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Date: Fri, 27 Jun 2014 17:35:52 -0400 (EDT)
Subject: Re: MediaWiki releases 1.19.17, 1.21.11, 1.22.8 and 1.23.1

Hash: SHA1

> I didn't get a CVE in advance because I thought this was likely a
> hardening fix.


We generally can't assign a CVE ID for a case where a vendor decides
to add speculative restrictions in a tradeoff against
functionality/usability. (Admittedly, the new restrictions here seem
reasonable and had a careful cost/benefit analysis by the vendor.)

Our understanding is that:

  1. in both the old and new code, if someone uploads a filename.svg
     file, then the MediaWiki product creates HTML code with,
     basically, <a href="filename.svg"><img src="filename.svg.png"></a>

     where filename.svg.png is in PNG format and contains PNG data from
     the SVG file. In other words, a visitor can navigate among
     articles without encountering inline SVG content. Also, both the
     .svg file and the .svg.png file are normally hosted in a domain
     controlled by the operator of the MediaWiki instance.

  2. in the old code, people could upload an SVG file that loads
     content from other domains

  3. in the new code, people can't upload an SVG file that loads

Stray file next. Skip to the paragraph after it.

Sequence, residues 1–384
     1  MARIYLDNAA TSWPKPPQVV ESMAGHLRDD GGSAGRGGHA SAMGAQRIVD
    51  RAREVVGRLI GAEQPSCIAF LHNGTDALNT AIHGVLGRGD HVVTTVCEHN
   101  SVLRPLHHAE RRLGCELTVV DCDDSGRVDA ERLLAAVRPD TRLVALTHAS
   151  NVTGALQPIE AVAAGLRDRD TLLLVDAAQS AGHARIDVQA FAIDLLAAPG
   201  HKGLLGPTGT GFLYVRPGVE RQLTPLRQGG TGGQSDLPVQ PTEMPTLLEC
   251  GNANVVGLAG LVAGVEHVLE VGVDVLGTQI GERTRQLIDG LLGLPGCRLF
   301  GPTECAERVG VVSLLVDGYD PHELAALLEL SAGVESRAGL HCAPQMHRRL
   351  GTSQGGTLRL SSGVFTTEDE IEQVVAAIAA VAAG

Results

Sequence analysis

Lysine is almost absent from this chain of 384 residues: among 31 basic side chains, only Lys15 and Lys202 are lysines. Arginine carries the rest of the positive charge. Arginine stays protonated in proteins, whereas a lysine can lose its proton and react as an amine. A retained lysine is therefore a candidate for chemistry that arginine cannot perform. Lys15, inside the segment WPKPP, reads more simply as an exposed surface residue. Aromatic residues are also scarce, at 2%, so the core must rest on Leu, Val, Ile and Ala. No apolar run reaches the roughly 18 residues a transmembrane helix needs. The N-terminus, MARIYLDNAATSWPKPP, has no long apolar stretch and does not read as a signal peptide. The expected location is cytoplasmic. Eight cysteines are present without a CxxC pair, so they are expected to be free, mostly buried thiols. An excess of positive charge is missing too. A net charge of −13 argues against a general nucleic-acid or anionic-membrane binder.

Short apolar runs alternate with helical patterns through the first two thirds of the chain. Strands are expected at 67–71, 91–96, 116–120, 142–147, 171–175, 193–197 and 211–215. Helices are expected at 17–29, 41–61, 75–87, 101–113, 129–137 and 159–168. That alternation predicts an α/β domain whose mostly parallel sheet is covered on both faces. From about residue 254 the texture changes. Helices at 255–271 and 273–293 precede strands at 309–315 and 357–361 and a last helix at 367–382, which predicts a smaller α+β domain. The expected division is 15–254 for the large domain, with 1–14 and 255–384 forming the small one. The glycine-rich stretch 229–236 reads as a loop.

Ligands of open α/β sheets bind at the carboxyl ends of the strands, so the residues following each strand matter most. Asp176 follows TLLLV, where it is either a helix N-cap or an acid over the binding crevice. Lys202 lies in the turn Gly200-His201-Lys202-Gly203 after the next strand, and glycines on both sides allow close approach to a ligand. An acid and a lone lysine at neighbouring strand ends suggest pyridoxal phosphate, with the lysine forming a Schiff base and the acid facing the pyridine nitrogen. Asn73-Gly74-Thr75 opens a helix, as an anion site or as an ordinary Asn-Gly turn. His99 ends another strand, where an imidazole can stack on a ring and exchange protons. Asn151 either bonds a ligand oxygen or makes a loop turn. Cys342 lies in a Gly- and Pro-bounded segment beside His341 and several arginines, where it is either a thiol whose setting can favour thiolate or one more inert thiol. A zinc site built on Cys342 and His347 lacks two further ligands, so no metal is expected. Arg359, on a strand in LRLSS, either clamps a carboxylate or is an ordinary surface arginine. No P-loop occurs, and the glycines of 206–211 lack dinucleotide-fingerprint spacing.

content from other domains

Here, 3 is a tradeoff because an SVG file that's very relevant to an
article might be one that loads external content, and the uploader
might not be capable of changing that. (Among other issues, there
could be license concerns.)

The rationale for 3 seems to be:

  A. inline SVG content might become desirable in future releases
     of the MediaWiki product, with inline external-domain content
     remaining undesirable


  B. there might be current third-party code that renders articles
     (obtained from a MediaWiki instance) with inline SVG instead of
     inline PNG

Rationale A doesn't seem to qualify for a CVE because there's no
inline-content concern in the current version. The tradeoff is being
made in anticipation of future product directions.

Rationale B is arguably a security problem because it sends
article-visit information to operators of external web sites,
something that apparently hasn't been occurring on many well-known
MediaWiki instances in the past. (For example, for some of these
instances, a visitor might expect that basic article visits would send
requests only to * servers.) It'd be reasonable for a
third-party vendor to make an announcement such as "this fixes the
vulnerability of leaking article-visit information to arbitrary web
servers, where we were intending to restrict that to a small set of
servers." However, no such third-party vendor is known.

> From:
> Date: Thu, 26 Jun 2014 19:32:38 +0200
> This is probably another very fundamental question of CVE assignment,
> but IMHO: "We're not sure if this can be exploited" is certainly worth
> a CVE.
> I'd suggest that one gets assigned.

We agree that, if the old code enabled an exploit with respect to the
security policy of any third-party product, then a CVE ID could be
assigned. However, we first would need to know what product is
affected before assigning the CVE ID.

- -- 
CVE assignment team, MITRE CVE Numbering Authority
M/S M300
202 Burlington Road, Bedford, MA 01730 USA
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